Thursday, August 1, 2019

Pathfinder 2nd Edition Here At Last!

I picked up my books this morning but didn't get to dive in until after work. I also snagged a second set of books at a convenient sale price with discount through Barnes & Noble.

So! How is it?

Well, the core rules are 638 pages long. Thankfully knowing how to read a RPG means knowing where to skim and where to dive deep....and I've spent the evening designing characters and exploring the action/combat mechanics. A few observations so far:

Most characters look and feel a lot like 1st edition PCs, but there are twists along the way. Ancestries make the racial component of characters more significant. Because of how ancestries work there are no optional character races in the Bestiary, unfortunately....they need several pages to flesh out the core traits plus ancestry feats. I predict a big, fat Advanced Race Guide 2nd Edition in the near future.

I've made a few characters so can design a level 1 character more quickly (once you do it a couple times) than in PF1.

Multiclassing is using the feat mechanics touched upon in the playtest. They work, and they make multiclassing as a concept a more focused and easy to do thing.

Literally everything in the game is now dominated by the proficiency mechanic. It's not entirely unlike D&D 5E's proficiency system, but with the Pathfinder twist: you have a ranking of 0/2/4/6/8 based on being untrained, trained, expert, master or legendary. This mechanic impacts your weapon skills, armor skills, plain old skills, saving throws and even class mastery. It is the most unifying mechanic I have seen tackled in a 3rd edition variant; it makes Pathfinder 2.0's design distinct and I am very intrigued to see how this mechanic affects play over time.

The equipment section is comprehensive and well organized.

The proliferation of feats in the game is heavily cataloged and codified by when and what sort of feat you can take. The entire book is, at its core, extremely tight in how it organizes the data and this makes PF 2.0 feel much more accessible than its predecessor. Attention to "finding that thing you need" was clearly a priority.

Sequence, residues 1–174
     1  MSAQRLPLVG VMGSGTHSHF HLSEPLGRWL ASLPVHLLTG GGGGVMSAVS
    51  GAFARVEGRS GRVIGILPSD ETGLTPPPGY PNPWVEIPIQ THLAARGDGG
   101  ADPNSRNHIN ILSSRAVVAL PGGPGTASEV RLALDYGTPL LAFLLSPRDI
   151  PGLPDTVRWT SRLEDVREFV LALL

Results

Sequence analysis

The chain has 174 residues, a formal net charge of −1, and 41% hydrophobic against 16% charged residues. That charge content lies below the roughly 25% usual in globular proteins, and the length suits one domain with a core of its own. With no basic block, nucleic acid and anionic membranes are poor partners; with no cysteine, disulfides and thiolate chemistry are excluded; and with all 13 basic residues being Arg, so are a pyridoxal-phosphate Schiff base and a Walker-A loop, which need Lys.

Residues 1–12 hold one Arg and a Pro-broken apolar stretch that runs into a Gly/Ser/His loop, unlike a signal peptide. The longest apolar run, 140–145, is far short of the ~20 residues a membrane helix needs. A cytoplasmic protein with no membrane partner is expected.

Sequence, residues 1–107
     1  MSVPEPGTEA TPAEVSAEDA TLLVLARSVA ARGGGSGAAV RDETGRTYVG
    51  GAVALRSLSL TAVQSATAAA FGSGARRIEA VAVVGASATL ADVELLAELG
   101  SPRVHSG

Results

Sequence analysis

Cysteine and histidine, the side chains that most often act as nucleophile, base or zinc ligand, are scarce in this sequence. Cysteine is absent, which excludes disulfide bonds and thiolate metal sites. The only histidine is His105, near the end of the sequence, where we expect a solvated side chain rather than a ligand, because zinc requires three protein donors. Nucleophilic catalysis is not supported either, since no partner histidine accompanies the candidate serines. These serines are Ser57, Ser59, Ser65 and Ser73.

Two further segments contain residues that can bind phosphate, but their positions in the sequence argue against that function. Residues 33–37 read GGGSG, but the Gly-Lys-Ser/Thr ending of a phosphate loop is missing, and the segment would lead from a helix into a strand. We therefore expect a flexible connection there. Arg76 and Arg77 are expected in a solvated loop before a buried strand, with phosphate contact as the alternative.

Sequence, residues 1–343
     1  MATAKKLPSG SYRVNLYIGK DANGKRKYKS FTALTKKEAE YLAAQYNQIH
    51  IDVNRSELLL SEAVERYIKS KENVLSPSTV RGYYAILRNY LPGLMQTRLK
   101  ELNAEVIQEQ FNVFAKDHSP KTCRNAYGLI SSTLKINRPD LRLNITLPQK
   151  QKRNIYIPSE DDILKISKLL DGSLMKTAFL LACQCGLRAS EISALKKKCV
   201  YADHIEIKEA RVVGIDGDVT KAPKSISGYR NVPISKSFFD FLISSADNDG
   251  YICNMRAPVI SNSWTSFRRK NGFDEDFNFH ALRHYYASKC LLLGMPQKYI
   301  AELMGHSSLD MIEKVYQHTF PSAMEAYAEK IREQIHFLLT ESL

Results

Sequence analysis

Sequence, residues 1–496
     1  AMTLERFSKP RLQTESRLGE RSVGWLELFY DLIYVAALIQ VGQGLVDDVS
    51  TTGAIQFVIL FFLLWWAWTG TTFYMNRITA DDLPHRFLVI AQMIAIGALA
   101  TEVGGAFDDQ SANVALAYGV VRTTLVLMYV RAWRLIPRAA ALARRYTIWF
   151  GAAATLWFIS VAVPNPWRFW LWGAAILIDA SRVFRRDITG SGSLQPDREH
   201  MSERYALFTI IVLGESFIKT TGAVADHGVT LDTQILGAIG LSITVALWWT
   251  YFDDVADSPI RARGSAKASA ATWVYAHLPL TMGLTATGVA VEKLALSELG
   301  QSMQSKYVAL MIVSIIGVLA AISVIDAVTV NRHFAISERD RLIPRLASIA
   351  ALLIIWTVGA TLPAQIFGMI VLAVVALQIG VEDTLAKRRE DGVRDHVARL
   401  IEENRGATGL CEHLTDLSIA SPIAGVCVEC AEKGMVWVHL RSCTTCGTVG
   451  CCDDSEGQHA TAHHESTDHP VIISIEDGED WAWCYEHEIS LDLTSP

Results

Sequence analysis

The concept of the Class DC is cool and intuitive. It's basically the DC set by your class and key trait that applies to relevant class abilities. Smart design.

The action point economy and its symbol system is the first thing you are introduced to. It is easy to understand and follow their intent. I am plowing through the mechanics/actions/combat content right now and this feels, again, like taking and codifying prior edition rules into a coherent and consistent whole. This appears to be PF2.0's major theme: organize, categorize, and make it easy to follow.

A downside: so far it is clearly framed as "Adventures in the Age of Lost Omens" which is the next chapter in Golarion I guess. There's a chapter on the setting in the book. My issue is not with this element, but the utter lack of interest in providing discussion or direction to GMs who want to do their own thing....maybe they will reserve this content for the Gamemastery Guide 2nd edition coming out in January, but it's hard to say.....I think they are aiming for stronger brand awareness of their IP, but at the expense of the many gamers who prefer to do their own thing. Not a big issue; 99% of this book is usable just as PF 1.0 was for whatever you want, but even just a nod to the kind of gamer who doesn't follow the published setting material would have been nice. Starfinder has this same problem.

So far this has proven to be a familiar game with a face lift....and that's a good thing. It looks like I should be able to prep for a game on Saturday to test it out, see how PF2 feels now that its out in the wild. I'll have a "first game" analysis up after Saturday!

No comments:

Post a Comment